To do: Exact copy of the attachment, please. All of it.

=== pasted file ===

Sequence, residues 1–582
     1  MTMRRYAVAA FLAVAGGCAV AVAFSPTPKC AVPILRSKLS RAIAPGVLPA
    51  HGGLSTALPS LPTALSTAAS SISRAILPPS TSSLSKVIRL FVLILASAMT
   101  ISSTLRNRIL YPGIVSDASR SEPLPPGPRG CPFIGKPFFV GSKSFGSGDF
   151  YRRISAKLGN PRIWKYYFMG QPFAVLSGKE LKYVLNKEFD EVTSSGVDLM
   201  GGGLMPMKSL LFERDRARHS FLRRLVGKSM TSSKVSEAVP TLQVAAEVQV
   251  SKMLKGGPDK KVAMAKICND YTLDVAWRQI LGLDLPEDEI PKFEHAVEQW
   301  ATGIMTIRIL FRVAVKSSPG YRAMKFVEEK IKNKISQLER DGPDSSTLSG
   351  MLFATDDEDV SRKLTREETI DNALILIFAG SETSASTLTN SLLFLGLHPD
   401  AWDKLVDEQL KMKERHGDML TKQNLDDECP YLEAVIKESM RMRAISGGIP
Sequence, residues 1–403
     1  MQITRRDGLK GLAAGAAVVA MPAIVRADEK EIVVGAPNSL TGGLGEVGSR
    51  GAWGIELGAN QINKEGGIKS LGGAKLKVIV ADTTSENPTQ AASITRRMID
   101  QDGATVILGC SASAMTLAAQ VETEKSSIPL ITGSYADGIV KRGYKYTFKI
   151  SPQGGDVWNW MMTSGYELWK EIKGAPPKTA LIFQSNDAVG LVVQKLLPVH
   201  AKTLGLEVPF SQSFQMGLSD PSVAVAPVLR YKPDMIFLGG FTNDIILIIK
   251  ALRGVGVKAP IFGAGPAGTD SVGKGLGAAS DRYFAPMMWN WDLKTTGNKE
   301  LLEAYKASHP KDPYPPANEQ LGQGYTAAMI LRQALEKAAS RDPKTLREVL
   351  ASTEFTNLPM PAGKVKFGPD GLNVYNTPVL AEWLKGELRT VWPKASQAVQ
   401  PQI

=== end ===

Sequence, residues 1–582
     1  MTMRRYAVAA FLAVAGGCAV AVAFSPTPKC AVPILRSKLS RAIAPGVLPA
    51  HGGLSTALPS LPTALSTAAS SISRAILPPS TSSLSKVIRL FVLILASAMT
   101  ISSTLRNRIL YPGIVSDASR SEPLPPGPRG CPFIGKPFFV GSKSFGSGDF
   151  YRRISAKLGN PRIWKYYFMG QPFAVLSGKE LKYVLNKEFD EVTSSGVDLM
   201  GGGLMPMKSL LFERDRARHS FLRRLVGKSM TSSKVSEAVP TLQVAAEVQV
   251  SKMLKGGPDK KVAMAKICND YTLDVAWRQI LGLDLPEDEI PKFEHAVEQW
   301  ATGIMTIRIL FRVAVKSSPG YRAMKFVEEK IKNKISQLER DGPDSSTLSG
   351  MLFATDDEDV SRKLTREETI DNALILIFAG SETSASTLTN SLLFLGLHPD
   401  AWDKLVDEQL KMKERHGDML TKQNLDDECP YLEAVIKESM RMRAISGGIP
Sequence, residues 1–403
     1  MQITRRDGLK GLAAGAAVVA MPAIVRADEK EIVVGAPNSL TGGLGEVGSR
    51  GAWGIELGAN QINKEGGIKS LGGAKLKVIV ADTTSENPTQ AASITRRMID
   101  QDGATVILGC SASAMTLAAQ VETEKSSIPL ITGSYADGIV KRGYKYTFKI
   151  SPQGGDVWNW MMTSGYELWK EIKGAPPKTA LIFQSNDAVG LVVQKLLPVH
   201  AKTLGLEVPF SQSFQMGLSD PSVAVAPVLR YKPDMIFLGG FTNDIILIIK
   251  ALRGVGVKAP IFGAGPAGTD SVGKGLGAAS DRYFAPMMWN WDLKTTGNKE
   301  LLEAYKASHP KDPYPPANEQ LGQGYTAAMI LRQALEKAAS RDPKTLREVL
   351  ASTEFTNLPM PAGKVKFGPD GLNVYNTPVL AEWLKGELRT VWPKASQAVQ
   401  PQI